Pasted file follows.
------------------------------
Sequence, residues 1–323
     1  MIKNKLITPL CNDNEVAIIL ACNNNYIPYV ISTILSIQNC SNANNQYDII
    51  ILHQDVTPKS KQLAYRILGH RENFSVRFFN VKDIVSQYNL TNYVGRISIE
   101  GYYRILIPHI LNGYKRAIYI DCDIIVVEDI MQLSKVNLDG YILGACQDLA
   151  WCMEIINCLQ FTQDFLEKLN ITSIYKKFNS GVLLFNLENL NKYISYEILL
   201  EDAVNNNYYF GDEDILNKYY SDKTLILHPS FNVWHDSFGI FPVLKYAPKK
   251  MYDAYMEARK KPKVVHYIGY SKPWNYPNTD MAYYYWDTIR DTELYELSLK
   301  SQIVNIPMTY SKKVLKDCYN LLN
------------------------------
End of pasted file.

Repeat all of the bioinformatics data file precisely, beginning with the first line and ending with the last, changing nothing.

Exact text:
Sequence, residues 1–323
     1  MIKNKLITPL CNDNEVAIIL ACNNNYIPYV ISTILSIQNC SNANNQYDII
    51  ILHQDVTPKS KQLAYRILGH RENFSVRFFN VKDIVSQYNL TNYVGRISIE
   101  GYYRILIPHI LNGYKRAIYI DCDIIVVEDI MQLSKVNLDG YILGACQDLA
   151  WCMEIINCLQ FTQDFLEKLN ITSIYKKFNS GVLLFNLENL NKYISYEILL
   201  EDAVNNNYYF GDEDILNKYY SDKTLILHPS FNVWHDSFGI FPVLKYAPKK
   251  MYDAYMEARK KPKVVHYIGY SKPWNYPNTD MAYYYWDTIR DTELYELSLK
   301  SQIVNIPMTY SKKVLKDCYN LLN